Anxiety sinks in as allies, foes weigh Trump’s win
BEIJING — The world gasped in collective disbelief Wednesday after the victory of Donald Trump in the U.S. presidential race, with apprehensive allies seeking to put a brave face on a result they had dreaded and American adversaries exulting in an outcome they see as a potential turning point in global affairs
Within minutes of Trump’s triumph, congratulatory messages to the Republican nominee poured in from leaders around the world, both friend and foe alike, even as security councils convened emergency meetings and dumbfounded diplomats struggled to understand the implications of his win.
Russian President Vladimir Putin sent a telegram that, the Kremlin said, “expressed hope for joint work to steer Russia-U.S. relations out of crisis.”
News of the Republican’s victory was greeted with broad smiles and a round of applause in the lower house of the Russian parliament.
U.S. allies insisted that they would work closely with the new administration.
In Britain — where the Parliament earlier this year debated banning Trump from visiting — Prime Minister Theresa May said her nation and the United States had “an enduring and special relationship based on the values of freedom, democracy and enterprise.”
Turkish President Recep Tayyip Erdogan, who had criticized Trump during the presidential campaign for showing intolerance toward Muslims, said that Trump’s victory was a “positive sign” and the “beginning of a new era in the United States.”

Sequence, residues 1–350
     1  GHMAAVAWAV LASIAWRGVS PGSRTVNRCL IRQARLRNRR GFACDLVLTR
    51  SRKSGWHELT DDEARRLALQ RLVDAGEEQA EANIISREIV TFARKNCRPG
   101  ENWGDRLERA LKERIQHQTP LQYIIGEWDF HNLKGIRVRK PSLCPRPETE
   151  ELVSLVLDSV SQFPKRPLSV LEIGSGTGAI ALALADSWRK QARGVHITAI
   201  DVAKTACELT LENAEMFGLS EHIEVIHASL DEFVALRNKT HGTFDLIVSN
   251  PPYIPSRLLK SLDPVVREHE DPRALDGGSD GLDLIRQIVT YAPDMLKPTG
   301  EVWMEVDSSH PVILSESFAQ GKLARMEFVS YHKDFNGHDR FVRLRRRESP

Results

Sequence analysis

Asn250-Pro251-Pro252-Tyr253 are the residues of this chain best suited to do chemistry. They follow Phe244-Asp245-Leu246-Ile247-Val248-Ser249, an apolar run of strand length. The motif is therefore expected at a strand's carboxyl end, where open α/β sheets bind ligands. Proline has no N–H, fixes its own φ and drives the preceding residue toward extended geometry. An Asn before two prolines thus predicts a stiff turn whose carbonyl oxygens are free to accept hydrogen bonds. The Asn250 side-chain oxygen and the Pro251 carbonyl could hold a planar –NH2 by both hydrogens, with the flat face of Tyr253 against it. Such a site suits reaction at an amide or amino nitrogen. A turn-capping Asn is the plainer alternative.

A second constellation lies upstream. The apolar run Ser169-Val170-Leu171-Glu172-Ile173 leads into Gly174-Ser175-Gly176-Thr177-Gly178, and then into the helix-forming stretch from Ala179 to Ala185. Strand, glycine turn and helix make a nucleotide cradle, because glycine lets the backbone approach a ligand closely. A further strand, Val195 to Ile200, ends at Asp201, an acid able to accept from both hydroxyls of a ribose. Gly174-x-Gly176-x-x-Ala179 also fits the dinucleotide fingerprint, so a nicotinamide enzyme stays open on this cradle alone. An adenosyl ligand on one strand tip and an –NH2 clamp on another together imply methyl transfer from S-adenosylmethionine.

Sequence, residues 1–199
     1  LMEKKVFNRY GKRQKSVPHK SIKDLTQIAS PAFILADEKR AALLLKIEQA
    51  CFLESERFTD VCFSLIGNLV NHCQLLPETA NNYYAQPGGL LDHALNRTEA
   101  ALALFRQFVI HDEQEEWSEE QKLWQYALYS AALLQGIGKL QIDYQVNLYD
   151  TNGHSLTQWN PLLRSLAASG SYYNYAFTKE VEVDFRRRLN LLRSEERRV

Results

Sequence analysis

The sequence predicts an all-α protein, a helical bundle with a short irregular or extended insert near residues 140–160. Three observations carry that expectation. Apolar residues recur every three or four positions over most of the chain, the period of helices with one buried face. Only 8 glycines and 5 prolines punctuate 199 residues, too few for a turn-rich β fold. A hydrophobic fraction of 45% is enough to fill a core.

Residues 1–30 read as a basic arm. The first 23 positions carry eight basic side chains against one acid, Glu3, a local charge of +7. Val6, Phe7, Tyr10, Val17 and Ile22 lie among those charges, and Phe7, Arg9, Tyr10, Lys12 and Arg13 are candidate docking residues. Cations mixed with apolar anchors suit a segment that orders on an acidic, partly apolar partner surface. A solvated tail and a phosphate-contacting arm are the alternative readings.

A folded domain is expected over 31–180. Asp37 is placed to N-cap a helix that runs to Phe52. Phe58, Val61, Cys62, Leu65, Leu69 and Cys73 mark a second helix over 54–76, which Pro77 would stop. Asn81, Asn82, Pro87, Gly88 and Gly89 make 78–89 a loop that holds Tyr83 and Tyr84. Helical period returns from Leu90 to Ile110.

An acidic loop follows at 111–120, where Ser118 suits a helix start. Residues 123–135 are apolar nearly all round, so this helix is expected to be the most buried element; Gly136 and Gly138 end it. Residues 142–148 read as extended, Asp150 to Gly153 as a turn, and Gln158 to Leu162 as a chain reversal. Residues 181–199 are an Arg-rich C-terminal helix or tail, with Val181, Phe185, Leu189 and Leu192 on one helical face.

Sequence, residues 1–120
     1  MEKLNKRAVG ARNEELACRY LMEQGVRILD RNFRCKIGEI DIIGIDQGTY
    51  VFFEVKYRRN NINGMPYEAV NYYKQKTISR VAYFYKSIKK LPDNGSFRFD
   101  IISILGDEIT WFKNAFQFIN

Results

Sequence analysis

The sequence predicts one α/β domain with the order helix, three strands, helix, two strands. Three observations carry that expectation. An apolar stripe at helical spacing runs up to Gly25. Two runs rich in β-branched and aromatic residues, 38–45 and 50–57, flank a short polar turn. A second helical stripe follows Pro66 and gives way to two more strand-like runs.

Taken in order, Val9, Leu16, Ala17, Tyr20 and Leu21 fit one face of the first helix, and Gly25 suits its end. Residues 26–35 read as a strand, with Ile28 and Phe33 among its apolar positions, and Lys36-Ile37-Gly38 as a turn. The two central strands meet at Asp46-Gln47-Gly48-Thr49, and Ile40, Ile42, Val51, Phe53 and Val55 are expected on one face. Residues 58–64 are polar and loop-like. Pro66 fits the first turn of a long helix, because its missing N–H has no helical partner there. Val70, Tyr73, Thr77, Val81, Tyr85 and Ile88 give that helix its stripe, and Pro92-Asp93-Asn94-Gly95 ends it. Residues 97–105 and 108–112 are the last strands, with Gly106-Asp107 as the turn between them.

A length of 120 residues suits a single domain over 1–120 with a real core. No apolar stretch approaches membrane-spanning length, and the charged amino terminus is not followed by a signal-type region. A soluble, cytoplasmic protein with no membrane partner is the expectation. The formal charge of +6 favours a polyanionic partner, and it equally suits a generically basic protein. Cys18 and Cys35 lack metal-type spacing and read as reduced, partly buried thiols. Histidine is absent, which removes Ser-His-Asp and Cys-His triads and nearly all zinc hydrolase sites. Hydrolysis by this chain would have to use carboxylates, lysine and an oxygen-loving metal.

But beneath the assurances of business-as-usual, and even optimism in some quarters, was a deep anxiety that Trump’s win could unsettle the global order.
The terms “shock” and “nightmare,” which were trending on Twitter in Germany, appeared to reflect the sentiment among many observers and politicians in Berlin.
German Defense Minister Ursula von der Leyen called Trump’s victory a “severe shock.”
“I think Donald Trump also knows that this wasn’t a vote for him, but that it was much more a vote against Washington, against the establishment,” von der Leyen told public TV network ARD.
Concerns were also sharp in Brussels, the headquarters of NATO and the European Union, where Trump had been universally opposed, as well as in key Asian strategic allies such as Japan and South Korea.
But China’s state media chortled at how the elections revealed the decline of American democracy.
“The probably most divisive and scandalous election in American history has eroded voters’ faith in the two-party system, as many voters called it a game of money, power and influence,” wrote state-run news agency Xinhua.
Nowhere was the American election result felt more keenly than in Mexico, as the peso crumbled.
“It feels like our nightmare is here,” tweeted Jorge Guajardo, who was Mexico’s ambassador to China from 2007 to 2013.
Commuters pick up newspapers with the U.S. election results Wednesday in London.